In-home pet care

SagePet provides a calming vet for pets.
0523 Editorialcontent Startup

With a lifelong passion for helping the elderly and chronically ill, Miranda Braithwaite, 37, pursued a medical degree at UW–Wisconsin believing she would one day be helping humans. Then, in 2010, she adopted a wonderful pooch. That changed everything.

She shifted her career path from caring for humans to caring for pets.

Braithwaite worked at the Dane County Humane Society as kennel supervisor, and also at WisCares (photo above), which she describes as a marriage between vet school and the school of social work, before tacking on five more years of schooling to earn a Doctor of Veterinary Medicine degree as well as a Master of Public Health. Along the way, she also worked with Journeys Home Pet Euthanasia.

In 2021, she launched SagePet Home Veterinary Care to provide care for any number of animals — dogs, cats, rabbits, guinea pigs, rats, hamsters, mice, and others. Her primary focus, however, is providing compassionate veterinary care to senior or chronically ill pets in the comfort of their own homes.

Braithwaite travels to appointments in her personal vehicle equipped with everything needed to conduct physical exams, administer vaccines, draw blood, or take urine samples. Should an animal require X-rays or surgery, she partners with a couple of local veterinary clinics. “We’re in this together to help animals,” she says of the arrangements. “We’re all health care providers and businesspeople.”

In a clinical setting, she could see up to 25 pet patients a day, but at SagePet, that number may be reduced to four or five, providing pets with more attention. Gas costs and travel time fluctuate, adding to the cost of in-home visits, but most fees are posted on the SagePet website.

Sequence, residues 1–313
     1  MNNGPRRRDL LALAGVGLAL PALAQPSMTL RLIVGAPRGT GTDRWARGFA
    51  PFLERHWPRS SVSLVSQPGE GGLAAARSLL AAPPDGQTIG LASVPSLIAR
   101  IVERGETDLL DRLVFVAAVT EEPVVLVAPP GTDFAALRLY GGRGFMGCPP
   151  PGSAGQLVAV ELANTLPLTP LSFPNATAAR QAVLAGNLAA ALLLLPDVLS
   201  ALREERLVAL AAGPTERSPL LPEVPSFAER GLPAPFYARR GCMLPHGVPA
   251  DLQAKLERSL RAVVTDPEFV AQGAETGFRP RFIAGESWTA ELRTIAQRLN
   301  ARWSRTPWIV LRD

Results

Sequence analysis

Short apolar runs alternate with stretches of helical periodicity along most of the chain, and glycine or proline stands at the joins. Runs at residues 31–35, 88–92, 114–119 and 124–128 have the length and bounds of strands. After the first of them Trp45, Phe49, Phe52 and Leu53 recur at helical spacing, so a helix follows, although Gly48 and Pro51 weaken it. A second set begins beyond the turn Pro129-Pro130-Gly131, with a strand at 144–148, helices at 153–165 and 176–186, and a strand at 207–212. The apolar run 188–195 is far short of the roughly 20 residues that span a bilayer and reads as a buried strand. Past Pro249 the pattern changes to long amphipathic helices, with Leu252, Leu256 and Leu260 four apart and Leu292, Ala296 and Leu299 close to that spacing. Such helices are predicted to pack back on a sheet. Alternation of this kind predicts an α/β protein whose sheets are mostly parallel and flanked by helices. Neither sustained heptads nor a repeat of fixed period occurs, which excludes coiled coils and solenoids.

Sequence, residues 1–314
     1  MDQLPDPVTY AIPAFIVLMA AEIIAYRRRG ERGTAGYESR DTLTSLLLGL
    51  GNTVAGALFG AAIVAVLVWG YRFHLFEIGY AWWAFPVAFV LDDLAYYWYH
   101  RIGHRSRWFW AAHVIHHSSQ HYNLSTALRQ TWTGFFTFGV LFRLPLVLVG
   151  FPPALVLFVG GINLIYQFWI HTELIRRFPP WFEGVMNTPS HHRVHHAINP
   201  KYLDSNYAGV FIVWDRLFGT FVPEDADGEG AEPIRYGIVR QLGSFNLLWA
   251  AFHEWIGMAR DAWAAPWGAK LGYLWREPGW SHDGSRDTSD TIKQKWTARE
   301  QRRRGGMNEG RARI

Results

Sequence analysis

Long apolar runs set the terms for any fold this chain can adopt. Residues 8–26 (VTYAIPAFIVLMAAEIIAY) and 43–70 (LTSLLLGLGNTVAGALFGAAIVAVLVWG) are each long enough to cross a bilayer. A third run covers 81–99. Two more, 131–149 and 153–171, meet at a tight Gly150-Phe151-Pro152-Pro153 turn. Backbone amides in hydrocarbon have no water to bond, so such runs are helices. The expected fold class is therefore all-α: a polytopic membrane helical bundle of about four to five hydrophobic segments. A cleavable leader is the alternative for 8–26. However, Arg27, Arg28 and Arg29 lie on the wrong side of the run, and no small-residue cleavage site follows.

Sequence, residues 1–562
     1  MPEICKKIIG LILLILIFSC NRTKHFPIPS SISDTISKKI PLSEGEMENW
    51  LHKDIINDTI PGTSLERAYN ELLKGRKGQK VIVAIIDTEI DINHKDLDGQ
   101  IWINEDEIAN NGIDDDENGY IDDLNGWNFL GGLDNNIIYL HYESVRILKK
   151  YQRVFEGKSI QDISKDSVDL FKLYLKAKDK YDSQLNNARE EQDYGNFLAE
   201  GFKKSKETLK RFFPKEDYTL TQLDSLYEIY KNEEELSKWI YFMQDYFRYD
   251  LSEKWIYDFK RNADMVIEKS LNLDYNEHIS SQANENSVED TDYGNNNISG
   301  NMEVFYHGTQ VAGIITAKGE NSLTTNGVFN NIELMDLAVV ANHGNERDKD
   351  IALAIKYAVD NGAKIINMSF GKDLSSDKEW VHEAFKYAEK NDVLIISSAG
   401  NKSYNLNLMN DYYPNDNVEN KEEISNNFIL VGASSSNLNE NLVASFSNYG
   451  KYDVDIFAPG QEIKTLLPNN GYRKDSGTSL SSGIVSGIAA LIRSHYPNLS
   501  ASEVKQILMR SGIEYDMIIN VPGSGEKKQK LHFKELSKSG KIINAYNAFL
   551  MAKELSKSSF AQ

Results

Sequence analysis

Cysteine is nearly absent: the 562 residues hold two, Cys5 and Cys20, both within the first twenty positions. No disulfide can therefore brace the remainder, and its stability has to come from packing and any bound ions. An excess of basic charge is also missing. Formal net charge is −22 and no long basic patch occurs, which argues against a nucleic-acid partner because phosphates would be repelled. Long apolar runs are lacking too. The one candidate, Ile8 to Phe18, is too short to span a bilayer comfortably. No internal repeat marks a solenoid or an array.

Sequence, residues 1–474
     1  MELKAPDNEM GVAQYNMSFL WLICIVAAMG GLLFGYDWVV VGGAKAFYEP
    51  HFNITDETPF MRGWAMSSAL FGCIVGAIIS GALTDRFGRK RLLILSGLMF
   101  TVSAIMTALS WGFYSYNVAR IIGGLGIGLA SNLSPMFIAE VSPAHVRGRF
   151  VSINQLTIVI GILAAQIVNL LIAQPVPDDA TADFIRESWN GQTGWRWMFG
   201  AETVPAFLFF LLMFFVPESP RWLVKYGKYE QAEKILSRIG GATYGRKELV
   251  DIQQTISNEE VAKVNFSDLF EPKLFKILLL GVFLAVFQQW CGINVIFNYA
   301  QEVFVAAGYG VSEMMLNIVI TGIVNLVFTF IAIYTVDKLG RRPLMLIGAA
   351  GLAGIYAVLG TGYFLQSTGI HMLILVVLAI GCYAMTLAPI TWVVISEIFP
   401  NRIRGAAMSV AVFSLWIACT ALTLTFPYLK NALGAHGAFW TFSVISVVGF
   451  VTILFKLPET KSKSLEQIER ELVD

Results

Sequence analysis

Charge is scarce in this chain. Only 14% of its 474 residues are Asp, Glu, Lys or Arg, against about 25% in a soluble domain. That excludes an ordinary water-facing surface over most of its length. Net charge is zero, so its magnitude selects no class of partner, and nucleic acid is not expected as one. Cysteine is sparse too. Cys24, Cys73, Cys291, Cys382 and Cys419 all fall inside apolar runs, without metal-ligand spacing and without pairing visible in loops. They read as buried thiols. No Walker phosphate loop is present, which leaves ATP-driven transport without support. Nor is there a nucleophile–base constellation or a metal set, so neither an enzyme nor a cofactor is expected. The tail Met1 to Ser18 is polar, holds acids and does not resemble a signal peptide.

Many animals are fearful of trips to the vet and can benefit from in-home checkups. Braithwaite’s ultimate goal is to extend their quality of life, but when treatment options run out, she can help pet patients transition peacefully over the rainbow bridge.

“Euthanasia is incredibly important,” she says. “It’s always difficult and always weighs on me, but when you think about it, it’s really a gift. We’re allowed to relieve our pets of their suffering. They’ve provided us with so much emotional support. Now it’s our duty to give back to them.”

Braithwaite provides compassionate care for humans as well. “I’ve had training in animal hospice and palliative care, and a big part of that is client grief and support. I tell people they’re being very selfless and making it easier for their pet, but unfortunately, it’s often harder on them. They’re doing the right thing, but if they choose, I can connect them with mental health resources.” Aftercare options (pet cremation) also can be discussed.

SagePet is already profitable because startup costs have been kept to a minimum. Braithwaite spends frugally and keeps her veterinary supplies in an extra bedroom at home. She launched slowly and advises other startups to do the same.

She also hired a lawyer and accountant early in the process, and only sees patients on Mondays and Tuesdays, working at a Verona veterinary clinic on Wednesdays and Thursdays to help cover her own costs. Fridays are reserved for administrative duties and an occasional patient. As the business grows organically, she’ll adjust her schedule. “I always had a passion for geriatric care and the elderly, but learned
I didn’t have the passion to be a physician,” Braithwaite says. “I’m just working with different species now.”

SagePet Home Veterinary Care
(608) 795-7243 (SAGE)